To be able to construct and complete a project never before undertaken in Australia required not only skill, planning and tens of thousands of workers, it also required engineers to be innovative, to find new and better ways of meeting the challenges of building the Scheme. The ingenuity displayed in building the power stations, high dams and drilling tunnels through mountains was, and still is, a wonder to many Australians.

The most significant of the advances in construction was the development of a technique called rockbolting, a safer and cheaper alternative to concrete lining for supporting rock in tunnel walls. An individual rockbolt was usually used to pin a piece of rock to the rock wall behind it. However, a Snowy design team found that by placing rockbolts in a pattern across the roof of the tunnel or power station so one interacted with the other, they created a structural arch.


In 1951, the Snowy launched a study to find the most economical system for power transmission. The highest voltage in use in Australia at the time was 132 kV (kilo volts). However, the Snowy decided to install transmission lines of 330 kV, which have become standard throughout New South Wales.

Industrial safety was a vital concern of the Authority during construction. Safety practices on the Scheme were well ahead of comparable projects around the world at that time. Sir William Hudson made the wearing of seatbelts compulsory in all Snowy Mountains Authority vehicles in 1960, a decade before the rest of the country. Each employee was required to sign a statement agreeing to wear a seatbelt before they could start work. This had a direct impact on limiting serious injuries and casualties for workers through the rough and mountainous conditions.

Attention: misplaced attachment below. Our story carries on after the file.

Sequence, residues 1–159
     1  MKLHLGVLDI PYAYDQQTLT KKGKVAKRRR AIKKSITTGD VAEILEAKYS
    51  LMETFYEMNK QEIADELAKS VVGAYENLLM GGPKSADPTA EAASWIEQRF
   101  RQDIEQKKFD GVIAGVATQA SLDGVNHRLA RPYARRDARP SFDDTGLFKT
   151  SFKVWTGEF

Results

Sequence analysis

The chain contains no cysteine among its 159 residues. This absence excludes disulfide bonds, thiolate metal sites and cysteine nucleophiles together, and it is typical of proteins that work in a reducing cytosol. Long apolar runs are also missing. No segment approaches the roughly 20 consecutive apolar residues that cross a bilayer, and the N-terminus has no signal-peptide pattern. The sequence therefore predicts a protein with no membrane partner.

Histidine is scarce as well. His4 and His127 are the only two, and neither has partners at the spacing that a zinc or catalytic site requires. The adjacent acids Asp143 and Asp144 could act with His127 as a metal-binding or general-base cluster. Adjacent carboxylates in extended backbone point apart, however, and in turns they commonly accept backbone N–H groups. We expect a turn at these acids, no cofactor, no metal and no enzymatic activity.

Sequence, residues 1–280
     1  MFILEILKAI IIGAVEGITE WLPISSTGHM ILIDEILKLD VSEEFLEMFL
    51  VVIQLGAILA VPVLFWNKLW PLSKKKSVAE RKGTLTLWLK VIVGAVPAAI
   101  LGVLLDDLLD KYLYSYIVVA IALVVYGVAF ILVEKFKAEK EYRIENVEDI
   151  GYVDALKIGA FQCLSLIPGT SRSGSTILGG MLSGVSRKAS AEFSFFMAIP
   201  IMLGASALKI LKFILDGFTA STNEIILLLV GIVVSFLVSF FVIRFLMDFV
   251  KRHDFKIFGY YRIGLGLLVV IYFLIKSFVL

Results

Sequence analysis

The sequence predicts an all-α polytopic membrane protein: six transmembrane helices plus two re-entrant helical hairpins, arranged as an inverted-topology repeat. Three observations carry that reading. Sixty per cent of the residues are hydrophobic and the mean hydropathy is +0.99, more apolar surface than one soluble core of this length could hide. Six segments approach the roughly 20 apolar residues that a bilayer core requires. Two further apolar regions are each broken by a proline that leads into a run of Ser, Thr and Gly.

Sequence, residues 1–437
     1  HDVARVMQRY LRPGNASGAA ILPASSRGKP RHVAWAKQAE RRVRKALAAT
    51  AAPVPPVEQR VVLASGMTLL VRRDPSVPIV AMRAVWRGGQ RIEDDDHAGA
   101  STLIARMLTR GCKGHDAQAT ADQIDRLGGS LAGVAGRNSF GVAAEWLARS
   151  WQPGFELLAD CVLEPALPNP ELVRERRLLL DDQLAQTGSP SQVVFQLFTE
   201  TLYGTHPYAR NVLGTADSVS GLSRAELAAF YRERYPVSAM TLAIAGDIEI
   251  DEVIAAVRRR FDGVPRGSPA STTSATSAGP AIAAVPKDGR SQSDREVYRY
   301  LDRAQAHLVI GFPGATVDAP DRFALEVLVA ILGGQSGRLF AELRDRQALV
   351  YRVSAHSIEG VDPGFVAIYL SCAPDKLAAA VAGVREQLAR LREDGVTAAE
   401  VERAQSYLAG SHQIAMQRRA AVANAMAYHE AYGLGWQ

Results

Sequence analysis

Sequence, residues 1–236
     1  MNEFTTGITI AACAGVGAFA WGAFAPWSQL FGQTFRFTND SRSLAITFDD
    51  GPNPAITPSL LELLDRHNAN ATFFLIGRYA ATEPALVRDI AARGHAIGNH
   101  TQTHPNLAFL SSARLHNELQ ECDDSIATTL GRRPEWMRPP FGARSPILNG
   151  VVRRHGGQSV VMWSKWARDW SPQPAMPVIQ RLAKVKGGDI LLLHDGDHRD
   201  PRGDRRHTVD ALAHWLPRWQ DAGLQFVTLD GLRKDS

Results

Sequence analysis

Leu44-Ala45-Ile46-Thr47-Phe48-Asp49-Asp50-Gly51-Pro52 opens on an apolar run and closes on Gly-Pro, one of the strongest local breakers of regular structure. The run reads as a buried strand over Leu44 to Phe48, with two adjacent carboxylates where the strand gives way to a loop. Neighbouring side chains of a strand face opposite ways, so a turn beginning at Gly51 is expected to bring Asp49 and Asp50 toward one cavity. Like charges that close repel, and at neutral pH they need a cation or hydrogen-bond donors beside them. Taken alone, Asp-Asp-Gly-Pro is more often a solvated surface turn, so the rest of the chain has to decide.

“Snowcom” was Australia’s first transistorised computer and one of the first dozen or so computers in the world. Designed and built by the University of Sydney for the Authority to use for engineering and design calculations, it was delivered to the Authority’s scientific offices in August 1960. Snowcom’s design was based around a drum memory, which had a memory equivalent to 8000 bytes, holding 2048 words and there was no disk. By using what were then advanced computer-based techniques both in the commercial and engineering fields, the Scheme was completed on time and within budget. Snowcom was used until 1967 and the Authority was a leader in its field in the use of this technology on a project of this kind.

Tumut 3 Power Station was the first major pump-storage scheme in Australia.

Pump-storage schemes use off-peak energy to pump water to a reservoir on a higher level. This water then passes through turbines to generate electricity when prices are higher.


In 1967 the American Society of Civil Engineers rated the Snowy Mountains Scheme as one of the civil engineering wonders of the modern world.

Snowy Hydro’s approach to engineering excellence has continued in the ongoing operation and maintenance of the Scheme, ensuring the reliability and integrity of the Scheme for hundreds of years to come.